Serena Wee, CEO of ICON Cancer Centre (ASEAN and Hong Kong), has been in the healthcare industry her whole life. Both her parents worked in hospitals, so growing up watching her parents provide care and service has spurred her to do the same, and she’s taking it to the next level.
There is no question that Serena Wee, CEO of ICON Cancer Centre (ASEAN and Hong Kong), has been in healthcare her whole life. Growing up, she would ‘hang around’ the Mount Elizabeth Hospital, because her mom used to work there– in fact, her mom was among the pioneers who started the hospital back in the mid-to-late 70’s.
“I used to hang around after school to meet her, and then we’ll head home together. I was always in that environment. My dad was in medtech, so one can say I’m a healthcare ‘lifer’,” she says.
Wee has been in the healthcare industry since the beginning of her career. Like her mother, she began at Mount Elizabeth as a management engineer, before moving on to add reputable healthcare providers like Parkway Group Healthcare in her resume, in addition to senior roles in healthcare investment, consultancy, and development for the past 20 years.
She is also the co-founder of Can-Care Holdings Pte Ltd, which is a provider of comprehensive and personalised post-cancer care products and services, targeted to meet the physical, social and psychological needs of people with cancer, cancer survivors and their families– with a special focus on women with cancer.
In her role as CEO of ICON in Asean and Hong Kong, she is focused on bringing the best of cancer care to the patient and their families, as close to their homes as possible. ICON, which is a Brisbane-based company, has done so successfully in Australia, and now Wee’s goal is to bring that same level of care to ICON’s other markets across the globe.
In fact, she is now about to embark on a project which she hopes will transform the face of cancer care, and especially for young women.
While treatment of cancer is a big focus for ICON, cancer care is more than that, says Wee. It goes far beyond treating or eliminating the cancer, and actually encompasses a holistic view of the impact the disease has on the patient and his or her family.
“We take a holistic view of the person, rather than the patient,” she adds. “Definitely, treatment is a big focus for us, but as we speak we’re developing the supportive care aspect of cancer care. It is about being a part of the patient’s journey, and the continuum of care.”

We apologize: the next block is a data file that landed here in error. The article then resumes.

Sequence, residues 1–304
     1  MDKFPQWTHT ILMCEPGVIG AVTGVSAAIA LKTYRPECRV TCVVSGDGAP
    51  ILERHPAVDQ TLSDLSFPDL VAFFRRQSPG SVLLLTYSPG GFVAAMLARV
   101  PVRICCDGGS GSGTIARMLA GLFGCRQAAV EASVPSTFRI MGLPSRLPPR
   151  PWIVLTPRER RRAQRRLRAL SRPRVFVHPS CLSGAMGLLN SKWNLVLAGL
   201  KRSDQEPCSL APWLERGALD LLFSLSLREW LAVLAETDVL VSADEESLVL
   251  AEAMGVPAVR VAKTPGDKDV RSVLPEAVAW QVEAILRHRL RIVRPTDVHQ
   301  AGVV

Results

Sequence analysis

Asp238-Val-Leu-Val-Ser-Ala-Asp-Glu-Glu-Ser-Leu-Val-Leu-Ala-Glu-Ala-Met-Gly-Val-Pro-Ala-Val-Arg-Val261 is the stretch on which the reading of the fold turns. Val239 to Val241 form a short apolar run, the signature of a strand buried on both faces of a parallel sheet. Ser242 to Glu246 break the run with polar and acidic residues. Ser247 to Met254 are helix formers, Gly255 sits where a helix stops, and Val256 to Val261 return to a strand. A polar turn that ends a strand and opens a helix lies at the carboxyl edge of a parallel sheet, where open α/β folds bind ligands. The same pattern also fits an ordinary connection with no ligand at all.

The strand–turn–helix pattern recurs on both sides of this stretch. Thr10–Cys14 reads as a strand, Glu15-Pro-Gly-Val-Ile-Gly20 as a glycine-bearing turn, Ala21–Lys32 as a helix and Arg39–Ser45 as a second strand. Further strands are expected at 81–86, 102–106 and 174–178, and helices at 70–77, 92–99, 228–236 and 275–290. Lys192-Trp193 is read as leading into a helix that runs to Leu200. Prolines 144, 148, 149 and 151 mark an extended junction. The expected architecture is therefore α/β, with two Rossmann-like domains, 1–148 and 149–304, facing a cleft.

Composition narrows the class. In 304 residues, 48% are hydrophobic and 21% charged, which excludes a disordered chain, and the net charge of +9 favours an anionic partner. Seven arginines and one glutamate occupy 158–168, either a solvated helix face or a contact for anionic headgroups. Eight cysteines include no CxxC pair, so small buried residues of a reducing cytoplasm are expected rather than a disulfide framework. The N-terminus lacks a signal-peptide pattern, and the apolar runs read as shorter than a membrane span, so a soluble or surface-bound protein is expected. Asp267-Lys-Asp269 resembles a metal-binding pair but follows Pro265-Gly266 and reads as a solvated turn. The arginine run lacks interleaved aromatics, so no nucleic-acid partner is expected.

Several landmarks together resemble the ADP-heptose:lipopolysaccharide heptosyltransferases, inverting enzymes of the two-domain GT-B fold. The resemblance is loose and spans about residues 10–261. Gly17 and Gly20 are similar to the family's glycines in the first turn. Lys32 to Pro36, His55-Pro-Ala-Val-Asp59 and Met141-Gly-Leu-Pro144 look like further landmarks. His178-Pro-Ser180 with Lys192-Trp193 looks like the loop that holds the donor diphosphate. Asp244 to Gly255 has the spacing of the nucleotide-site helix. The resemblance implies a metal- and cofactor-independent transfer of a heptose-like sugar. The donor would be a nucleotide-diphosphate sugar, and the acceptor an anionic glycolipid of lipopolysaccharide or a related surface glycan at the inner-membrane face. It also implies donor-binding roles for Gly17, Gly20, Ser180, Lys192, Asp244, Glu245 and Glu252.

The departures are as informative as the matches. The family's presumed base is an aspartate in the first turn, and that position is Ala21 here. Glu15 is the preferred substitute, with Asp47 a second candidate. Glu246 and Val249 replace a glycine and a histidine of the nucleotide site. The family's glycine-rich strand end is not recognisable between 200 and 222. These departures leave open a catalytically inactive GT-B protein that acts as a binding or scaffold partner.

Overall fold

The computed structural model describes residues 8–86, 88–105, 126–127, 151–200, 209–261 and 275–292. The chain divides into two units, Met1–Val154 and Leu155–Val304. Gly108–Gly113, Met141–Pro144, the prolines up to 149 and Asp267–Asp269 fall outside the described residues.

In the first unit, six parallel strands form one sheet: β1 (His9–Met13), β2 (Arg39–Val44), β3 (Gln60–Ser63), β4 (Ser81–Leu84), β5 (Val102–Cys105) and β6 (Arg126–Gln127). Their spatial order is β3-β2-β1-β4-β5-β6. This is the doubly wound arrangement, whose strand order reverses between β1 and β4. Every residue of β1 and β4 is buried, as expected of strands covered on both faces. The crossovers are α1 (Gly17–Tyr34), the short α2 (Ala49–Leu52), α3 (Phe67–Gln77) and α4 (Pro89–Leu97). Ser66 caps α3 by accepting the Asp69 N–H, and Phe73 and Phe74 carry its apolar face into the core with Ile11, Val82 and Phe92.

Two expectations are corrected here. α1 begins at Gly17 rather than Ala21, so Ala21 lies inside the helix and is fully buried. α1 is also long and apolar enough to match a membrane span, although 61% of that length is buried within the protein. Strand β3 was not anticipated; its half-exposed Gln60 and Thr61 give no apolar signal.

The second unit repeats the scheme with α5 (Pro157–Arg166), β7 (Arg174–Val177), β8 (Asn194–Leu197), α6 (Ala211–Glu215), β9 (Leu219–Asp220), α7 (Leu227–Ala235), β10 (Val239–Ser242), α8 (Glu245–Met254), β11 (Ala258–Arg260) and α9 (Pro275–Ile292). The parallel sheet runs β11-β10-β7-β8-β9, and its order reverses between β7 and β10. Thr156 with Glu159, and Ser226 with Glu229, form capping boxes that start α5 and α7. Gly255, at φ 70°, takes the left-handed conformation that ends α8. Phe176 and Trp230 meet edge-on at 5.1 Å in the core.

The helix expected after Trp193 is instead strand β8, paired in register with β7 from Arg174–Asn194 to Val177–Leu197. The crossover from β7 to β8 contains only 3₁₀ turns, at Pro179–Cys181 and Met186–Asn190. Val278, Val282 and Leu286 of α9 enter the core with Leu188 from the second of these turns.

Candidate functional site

Their focus is not just the physical aspect, such as rehab or therapy, but also the psycho-social aspects of cancer. “Hence, we are looking at support groups that encourage active participation, and support in ways many people don’t talk about.”
One of Wee’s most exciting endeavours now is a support programme for women with cancer, with a focus on onco-fertility.
“It’s a programme we’re very passionate about. See, when a young woman gets cancer, her psycho-social needs are different. Very often, we focus on the treatment. But the first thought of any young woman with cancer is, “Do I need surgery? Chemotherapy? Radiation? And if I do, what are my chances of having a child in the future, what will it do to my fertility?”.
These are the areas which Wee, who has formed a group of five female doctors within ICON specifically to support this initiative, intends to tackle.
Right now, the programme is being created, with feedback from doctors, fertility experts and patients, and it is slated to launch this month, says Wee. They’ve talked to fertility experts, oncology experts, and are working closely with experts in the relevant fields.
Wee really wants this programme to be truly established here in Singapore, but more than that, it’s about giving back. “We at ICON truly believe in giving back to the communities we operate in. One of the few things as a cancer care company that we could do, wherever we are in the world, if we structure this programme really well, we can take this to the rest of the markets.”
Her immediate next step is to, quite simply, do the best in bringing this programme to fore. “I am in no rush to say, we have to launch it by this time. We’re ensuring everything is done well, according to process, we want it to be done professionally and not trial and error,” she says. “We’re conducting focus groups to understand the women themselves, to find out what they truly need. We are also focusing on the sustainability of this programme, so it’s not a flash-in-the-pan, so that it will eventually take a life of its own no matter where we launch it.”
“The thing that really drives me is the idea of being innovative. Even in a profession as old as medical care, we can learn so much. I tend to always look at things outside the box– it’s cliched but let’s try to innovate what we do everyday for the patients, to put ourselves in our patients’ shoes and be empathetic and understanding to help them and support them,” she says. “Whatever we do, if we put our patient at the heart of it, we’ll never go wrong.”